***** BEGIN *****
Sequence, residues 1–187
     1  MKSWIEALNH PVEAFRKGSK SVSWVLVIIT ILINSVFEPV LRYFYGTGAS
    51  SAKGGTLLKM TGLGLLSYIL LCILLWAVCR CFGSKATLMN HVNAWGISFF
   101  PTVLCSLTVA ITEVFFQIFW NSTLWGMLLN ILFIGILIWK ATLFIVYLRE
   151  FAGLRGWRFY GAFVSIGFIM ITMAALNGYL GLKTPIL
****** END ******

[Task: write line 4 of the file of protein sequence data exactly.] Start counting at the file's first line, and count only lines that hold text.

   101  PTVLCSLTVA ITEVFFQIFW NSTLWGMLLN ILFIGILIWK ATLFIVYLRE